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Auto loans hit new high--or not

[May 9, 2011.]

 

Friday saw the release of the Federal Reserve's latest monthly analysis of consumer credit. It showed that overall borrowing increased by $6 billion in March, the sixth month running that had seen a rise. For only the second time in more than two years, credit card debt rose, though by just $1.9 billion.


More interestingly for those interested in cars, the total outstanding in non-revolving credit (fixed-term lending such as auto loans and those for mobile homes, education, boats, trailers and vacations) jumped by $4.1 billion, from $1.6253 trillion to $1.6294 trillion. That sounds good (assuming you think that the higher debt that many think is fueling the economic recovery is good), but it's not as straightforward as it sounds.


Auto loans figures confusing


Normally, auto loans are the single biggest component of non-revolving credit, and that may explain why Bloomberg ran the headline, "Consumer credit in U.S. increased $6 billion on auto loans, car purchases." But read further down the Bloomberg story, and you discover: "The increase in non-revolving debt was led by an unadjusted $6.2 billion rise in federal government lending for education."


Er, hang on. Non-revolving credit increased in total by only $4.1 billion. If $6.2 billion of that was entirely down to education, then that means (unless an awful lot of people decided all at once to pay off their mobile homes, boats, trailers and vacations) that the amount borrowed for auto loans was actually down that month.


This seems quite likely. Bloomberg quotes auto industry reports that vehicle sales dropped from a 13.38 million annual rate (seasonally adjusted) in February to 13.06 million in March. So why the headline?


Auto loans data: probably a blip


This auto loans news blog has been saying for some time that the current feast of cheap loans can't last for ever. If the economy tanks again, then there is likely to be another famine. If it continues to recover, you can eventually expect higher interest rates.


New Labor Department employment data, released on Friday, show that 244,000 jobs were added to the payroll in April. That figure, together with two reports, published Wednesday and Thursday by leading credit bureaus, suggest that the latter is the more likely scenario.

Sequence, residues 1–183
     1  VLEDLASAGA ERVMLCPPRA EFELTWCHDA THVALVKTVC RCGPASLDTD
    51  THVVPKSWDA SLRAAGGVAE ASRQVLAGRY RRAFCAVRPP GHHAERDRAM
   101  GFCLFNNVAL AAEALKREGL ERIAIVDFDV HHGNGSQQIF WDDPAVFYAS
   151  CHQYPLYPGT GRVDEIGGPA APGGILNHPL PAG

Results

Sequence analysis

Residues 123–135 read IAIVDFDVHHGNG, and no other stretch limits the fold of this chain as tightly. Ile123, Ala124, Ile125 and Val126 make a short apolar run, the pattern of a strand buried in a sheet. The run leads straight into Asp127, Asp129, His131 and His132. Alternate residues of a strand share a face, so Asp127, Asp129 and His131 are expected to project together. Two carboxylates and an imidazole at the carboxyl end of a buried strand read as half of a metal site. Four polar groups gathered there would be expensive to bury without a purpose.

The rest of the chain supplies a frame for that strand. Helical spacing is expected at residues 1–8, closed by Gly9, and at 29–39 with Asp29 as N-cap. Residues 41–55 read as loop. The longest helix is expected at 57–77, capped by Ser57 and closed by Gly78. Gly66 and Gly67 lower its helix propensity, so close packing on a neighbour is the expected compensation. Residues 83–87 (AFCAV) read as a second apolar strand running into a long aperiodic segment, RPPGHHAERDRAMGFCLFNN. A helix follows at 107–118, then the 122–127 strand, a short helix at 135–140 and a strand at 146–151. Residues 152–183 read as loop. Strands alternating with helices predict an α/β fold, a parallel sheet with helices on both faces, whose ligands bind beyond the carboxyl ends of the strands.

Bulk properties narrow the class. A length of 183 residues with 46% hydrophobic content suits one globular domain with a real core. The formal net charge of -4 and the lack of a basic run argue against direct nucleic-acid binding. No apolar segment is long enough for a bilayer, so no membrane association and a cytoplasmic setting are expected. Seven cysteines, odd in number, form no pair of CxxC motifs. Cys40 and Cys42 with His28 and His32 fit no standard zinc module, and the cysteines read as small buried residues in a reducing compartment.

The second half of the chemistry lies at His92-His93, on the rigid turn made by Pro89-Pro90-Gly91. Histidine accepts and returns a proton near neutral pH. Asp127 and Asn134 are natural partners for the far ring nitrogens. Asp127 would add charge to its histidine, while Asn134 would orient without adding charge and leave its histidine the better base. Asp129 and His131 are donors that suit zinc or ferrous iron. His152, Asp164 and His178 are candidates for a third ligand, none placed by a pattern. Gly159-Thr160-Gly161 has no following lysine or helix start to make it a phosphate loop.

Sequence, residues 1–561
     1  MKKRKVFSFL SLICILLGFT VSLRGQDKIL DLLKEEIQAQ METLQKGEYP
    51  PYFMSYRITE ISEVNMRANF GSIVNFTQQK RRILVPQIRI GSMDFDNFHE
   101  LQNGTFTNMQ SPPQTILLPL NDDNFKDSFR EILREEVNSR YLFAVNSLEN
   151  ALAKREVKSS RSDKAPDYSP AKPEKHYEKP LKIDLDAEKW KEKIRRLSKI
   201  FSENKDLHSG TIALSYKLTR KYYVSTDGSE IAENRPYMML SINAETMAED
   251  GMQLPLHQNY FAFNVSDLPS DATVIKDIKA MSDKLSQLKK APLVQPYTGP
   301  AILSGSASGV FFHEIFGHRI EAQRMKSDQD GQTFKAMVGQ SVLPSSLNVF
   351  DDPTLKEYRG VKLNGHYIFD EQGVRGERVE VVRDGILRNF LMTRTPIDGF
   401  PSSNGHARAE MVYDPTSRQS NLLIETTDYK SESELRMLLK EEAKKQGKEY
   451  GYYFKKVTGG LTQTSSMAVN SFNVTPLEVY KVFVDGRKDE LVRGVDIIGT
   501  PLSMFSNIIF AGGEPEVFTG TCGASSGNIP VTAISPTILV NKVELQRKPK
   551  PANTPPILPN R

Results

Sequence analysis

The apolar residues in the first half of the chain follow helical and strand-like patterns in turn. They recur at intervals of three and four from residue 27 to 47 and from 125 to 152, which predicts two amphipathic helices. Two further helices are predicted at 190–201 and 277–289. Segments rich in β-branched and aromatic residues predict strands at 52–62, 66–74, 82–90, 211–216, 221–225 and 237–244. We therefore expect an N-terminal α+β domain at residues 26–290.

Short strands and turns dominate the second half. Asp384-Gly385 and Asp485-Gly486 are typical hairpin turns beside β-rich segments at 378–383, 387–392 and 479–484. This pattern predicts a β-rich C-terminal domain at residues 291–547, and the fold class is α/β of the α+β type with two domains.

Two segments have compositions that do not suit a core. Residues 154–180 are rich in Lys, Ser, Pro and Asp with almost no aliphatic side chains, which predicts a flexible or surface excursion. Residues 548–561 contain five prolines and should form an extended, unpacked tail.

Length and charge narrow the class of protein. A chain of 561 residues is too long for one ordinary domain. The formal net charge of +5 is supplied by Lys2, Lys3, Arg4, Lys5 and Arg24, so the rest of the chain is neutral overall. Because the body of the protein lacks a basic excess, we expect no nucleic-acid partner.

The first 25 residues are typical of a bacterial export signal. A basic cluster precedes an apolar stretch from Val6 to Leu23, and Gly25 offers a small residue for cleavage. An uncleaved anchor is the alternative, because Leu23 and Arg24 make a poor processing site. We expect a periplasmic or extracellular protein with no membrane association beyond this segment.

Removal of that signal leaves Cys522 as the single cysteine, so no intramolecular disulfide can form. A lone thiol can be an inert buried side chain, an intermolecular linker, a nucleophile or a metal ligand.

Cheap auto loans to be more widely available?


The first report, from Equifax, included the following quote from Michael Koukounas, one of the company's senior vice presidents:



"Across multiple loan products, we are clearly seeing indicators of sustained credit growth - most notably within automobile finance and bankcard originations. Consumer behavior is now fueling much of this improved loan performance as borrowers are more aggressively paying off their outstanding debts, which is positively impacting their credit risk scores and making them more attractive to lenders. If this trend continues, I would expect to see a further loosening of available credit."



These sentiments were almost precisely echoed by Chet Wiermanski, who's the global chief scientist at TransUnion, the other credit bureau to publish a report last week. He said:



"The broad and steady decline in the [TransUnion] Credit Risk Index, coupled with a moderate decrease in the demand for credit over the previous year suggests that consumers continue to live within their means, tending to acquire new credit only for larger, specific purchases. The percentage of consumers delinquent on any credit account has returned to the level immediately preceding the Great Recession."



Cheap auto loans to become less cheap?


If these two gentlemen's analyses turn out to be correct, then it seems likely that the current wide availability of auto loans may continue. However, if your blogger's (and most economists') forecast of higher interest rates in the medium term or sooner is also correct, then the time available to find cheap ones may be limited.


Those who wish to act before rates rise can find competitive auto loans quotes on this site.

 

About Author:

Peter Andrew has been writing about -- and for -- business for more than two decades. For the last couple of years, he has found himself increasingly specializing in the U.S. financial sector.

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